var pointer = JsonConvert.SerializeObject(new { pointer = exception.Source });
            var exceptionSource = JObject.Parse(pointer);
            var eventTitle = exception.GetType().Name;
            var eventId = RandomNumberGenerator.GetInt32(10000); // For demo purposes only. Your event ids should be tied to specific errors.
            var @event = new EventId(eventId, eventTitle);
            var linkDictionary = new Dictionary<string, Link>
            {
                {
                    Keywords.About, new Link(exception.HelpLink) // Link to error documentation, this is a hypermedia driven api after all.
                }
            };
            var targetSite = exception.TargetSite.Name;
            var meta = new JObject { ["targetSite"] = targetSite };

            var errorException = new ErrorException(
                Error.CreateId(@event.Id.ToString()),
                HttpStatusCode.InternalServerError,
                Error.CreateNewId(),
                @event.Name,
                exception.Message,
                exceptionSource,
                new Links(linkDictionary),
                meta);

            errorsDocument.AddError(errorException);
        }

        var jsonResponse = await errorsDocument.ToJsonAsync();
        return httpContext.Response.WriteAsync(jsonResponse); // Remember to always write to the response body asynchronously.
    }
}

We can test it by generating an exception, I can do that by modifying the GetHomeDocument method in the HomeResource class to throw a not implemented exception.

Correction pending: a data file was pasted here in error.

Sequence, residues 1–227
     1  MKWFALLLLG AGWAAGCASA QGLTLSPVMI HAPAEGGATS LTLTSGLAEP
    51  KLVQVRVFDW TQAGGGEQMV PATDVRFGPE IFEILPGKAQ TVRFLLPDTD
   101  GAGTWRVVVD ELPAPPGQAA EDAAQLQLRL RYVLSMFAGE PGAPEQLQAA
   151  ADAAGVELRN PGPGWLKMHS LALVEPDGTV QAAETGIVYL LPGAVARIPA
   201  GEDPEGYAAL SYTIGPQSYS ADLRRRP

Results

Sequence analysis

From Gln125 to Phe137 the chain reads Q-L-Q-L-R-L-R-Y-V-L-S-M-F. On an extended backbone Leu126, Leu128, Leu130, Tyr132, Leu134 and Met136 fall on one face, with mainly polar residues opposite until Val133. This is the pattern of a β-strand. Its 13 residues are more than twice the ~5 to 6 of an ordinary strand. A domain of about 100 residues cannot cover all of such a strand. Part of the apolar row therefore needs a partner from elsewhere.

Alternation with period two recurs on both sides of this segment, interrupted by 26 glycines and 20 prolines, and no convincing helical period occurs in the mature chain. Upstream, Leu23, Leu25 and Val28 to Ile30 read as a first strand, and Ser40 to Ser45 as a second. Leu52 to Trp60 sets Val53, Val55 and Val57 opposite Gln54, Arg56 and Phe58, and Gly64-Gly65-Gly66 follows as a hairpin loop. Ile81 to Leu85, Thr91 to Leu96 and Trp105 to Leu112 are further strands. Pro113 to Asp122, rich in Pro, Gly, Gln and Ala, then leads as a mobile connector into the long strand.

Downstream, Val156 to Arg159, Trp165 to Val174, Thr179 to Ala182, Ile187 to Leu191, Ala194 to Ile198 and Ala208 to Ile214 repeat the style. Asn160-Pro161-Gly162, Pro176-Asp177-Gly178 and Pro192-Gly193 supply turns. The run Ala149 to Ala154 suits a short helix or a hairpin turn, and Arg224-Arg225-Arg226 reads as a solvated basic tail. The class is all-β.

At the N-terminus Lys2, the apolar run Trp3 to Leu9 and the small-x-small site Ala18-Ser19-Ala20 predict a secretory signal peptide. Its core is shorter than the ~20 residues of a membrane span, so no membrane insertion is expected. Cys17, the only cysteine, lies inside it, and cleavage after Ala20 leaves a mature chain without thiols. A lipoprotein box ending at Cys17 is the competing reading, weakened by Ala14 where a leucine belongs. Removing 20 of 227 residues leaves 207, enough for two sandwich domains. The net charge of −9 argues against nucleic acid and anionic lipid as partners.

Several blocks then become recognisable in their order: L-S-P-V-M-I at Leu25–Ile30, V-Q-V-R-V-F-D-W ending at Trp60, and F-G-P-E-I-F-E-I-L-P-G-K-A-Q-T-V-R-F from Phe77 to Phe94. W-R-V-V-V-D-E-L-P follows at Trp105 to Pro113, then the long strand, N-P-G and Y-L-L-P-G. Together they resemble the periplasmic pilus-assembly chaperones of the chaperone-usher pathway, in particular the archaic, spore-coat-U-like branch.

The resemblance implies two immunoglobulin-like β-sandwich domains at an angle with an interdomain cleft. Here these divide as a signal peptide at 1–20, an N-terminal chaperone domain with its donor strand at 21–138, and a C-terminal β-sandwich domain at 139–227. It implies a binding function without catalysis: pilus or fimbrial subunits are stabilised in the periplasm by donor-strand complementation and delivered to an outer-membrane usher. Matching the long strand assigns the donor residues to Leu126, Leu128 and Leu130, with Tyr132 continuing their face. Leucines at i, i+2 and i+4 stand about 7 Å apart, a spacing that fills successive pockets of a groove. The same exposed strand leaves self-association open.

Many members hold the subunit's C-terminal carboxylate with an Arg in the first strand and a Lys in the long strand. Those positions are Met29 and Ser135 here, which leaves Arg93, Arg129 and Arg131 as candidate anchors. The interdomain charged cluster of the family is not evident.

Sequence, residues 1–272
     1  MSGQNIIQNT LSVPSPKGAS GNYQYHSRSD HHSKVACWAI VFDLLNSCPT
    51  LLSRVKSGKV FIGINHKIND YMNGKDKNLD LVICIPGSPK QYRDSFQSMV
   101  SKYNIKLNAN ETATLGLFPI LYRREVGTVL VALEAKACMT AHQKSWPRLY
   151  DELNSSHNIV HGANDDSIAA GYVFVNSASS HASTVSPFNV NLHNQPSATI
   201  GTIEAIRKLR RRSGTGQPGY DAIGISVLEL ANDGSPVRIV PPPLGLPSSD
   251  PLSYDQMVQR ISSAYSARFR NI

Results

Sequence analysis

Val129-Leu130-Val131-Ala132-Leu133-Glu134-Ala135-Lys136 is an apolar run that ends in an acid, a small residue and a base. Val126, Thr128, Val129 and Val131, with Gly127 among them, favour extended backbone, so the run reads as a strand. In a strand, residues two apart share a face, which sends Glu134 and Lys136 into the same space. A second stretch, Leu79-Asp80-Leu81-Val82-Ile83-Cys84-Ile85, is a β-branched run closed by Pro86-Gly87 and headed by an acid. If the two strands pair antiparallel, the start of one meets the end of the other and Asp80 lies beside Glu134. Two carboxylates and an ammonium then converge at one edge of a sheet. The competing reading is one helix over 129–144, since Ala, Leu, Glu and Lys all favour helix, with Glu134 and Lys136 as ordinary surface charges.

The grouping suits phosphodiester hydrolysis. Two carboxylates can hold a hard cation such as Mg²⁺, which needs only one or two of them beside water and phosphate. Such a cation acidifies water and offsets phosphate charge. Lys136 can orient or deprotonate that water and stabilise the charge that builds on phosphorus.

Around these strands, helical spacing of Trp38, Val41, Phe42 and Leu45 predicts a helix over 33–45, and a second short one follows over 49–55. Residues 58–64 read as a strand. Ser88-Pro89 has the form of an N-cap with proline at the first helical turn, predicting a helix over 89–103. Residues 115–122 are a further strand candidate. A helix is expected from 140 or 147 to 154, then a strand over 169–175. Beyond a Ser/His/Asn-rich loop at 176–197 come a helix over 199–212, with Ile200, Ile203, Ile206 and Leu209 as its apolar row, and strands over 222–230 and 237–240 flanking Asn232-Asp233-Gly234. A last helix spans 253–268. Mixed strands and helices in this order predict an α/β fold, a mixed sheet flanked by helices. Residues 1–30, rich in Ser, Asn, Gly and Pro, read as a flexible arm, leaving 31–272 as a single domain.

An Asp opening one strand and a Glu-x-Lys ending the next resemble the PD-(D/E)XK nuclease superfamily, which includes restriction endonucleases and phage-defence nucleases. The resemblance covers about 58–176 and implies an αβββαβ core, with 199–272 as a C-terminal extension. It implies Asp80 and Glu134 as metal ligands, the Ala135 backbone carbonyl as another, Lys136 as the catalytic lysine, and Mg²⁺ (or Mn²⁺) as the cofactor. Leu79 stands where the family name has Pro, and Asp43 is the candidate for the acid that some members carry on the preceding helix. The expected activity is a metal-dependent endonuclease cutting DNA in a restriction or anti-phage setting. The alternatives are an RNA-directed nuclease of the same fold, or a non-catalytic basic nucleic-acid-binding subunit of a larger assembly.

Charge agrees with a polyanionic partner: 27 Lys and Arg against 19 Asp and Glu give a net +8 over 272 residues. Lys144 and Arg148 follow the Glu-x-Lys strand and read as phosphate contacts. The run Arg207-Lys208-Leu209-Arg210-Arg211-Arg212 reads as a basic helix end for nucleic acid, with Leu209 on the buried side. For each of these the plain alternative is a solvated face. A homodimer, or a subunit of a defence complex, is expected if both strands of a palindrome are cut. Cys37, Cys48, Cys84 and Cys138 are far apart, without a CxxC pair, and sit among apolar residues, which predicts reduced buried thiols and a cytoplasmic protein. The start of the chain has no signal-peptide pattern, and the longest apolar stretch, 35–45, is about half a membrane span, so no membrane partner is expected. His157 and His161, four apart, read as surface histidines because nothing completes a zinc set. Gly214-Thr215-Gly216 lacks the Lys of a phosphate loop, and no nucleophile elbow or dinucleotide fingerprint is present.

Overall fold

public Task<Document> GetHomeDocument()
{
    throw new NotImplementedException();
}

All I need to do now is to register the exception handling middleware in the StartUp.cs class. The Configure method should now look like this.

public void Configure(IApplicationBuilder app, IWebHostEnvironment env)
{
    app.UseHttpsRedirection();
    app.UseRouting();
    app.UseAuthorization();
    app.UseExceptionHandlingMiddleware(); // Register ExceptionHandling Middleware
    app.UseEndpoints(endpoints =>
    {
        endpoints.MapControllers();
    });
}

If I run the Chinook.Web project, I get the following JSON:API Errors Document.

{
  "errors": [
    {
      "id": "3646",
      "status": "InternalServerError",
      "code": "94ee7495-d507-4819-ad8c-4ebaab08c8e4",
      "title": "NotImplementedException",
      "detail": "The method or operation is not implemented.",
      "source": {
        "pointer": "Chinook.Web"
      },
      "links": {
        "about": {
          "href": null
        }
      },
      "meta": {
        "targetSite": "GetHomeDocument"
      }
    }
  ]
}

Now the API has a global exception handler that will transform all errors into JSON:API Errors document.

The code here is meant to illustrate how to generate JSON:API errors documents using JsonApiFramework. I would not use this code in a production environment as it is still missing important implementation such as having a proper event id for each error rather than just generating random number. Additionally, as I mentioned before, this doesn’t handle specific errors like validation, 404s, invalid query parameters etc. I will cover those later on this series.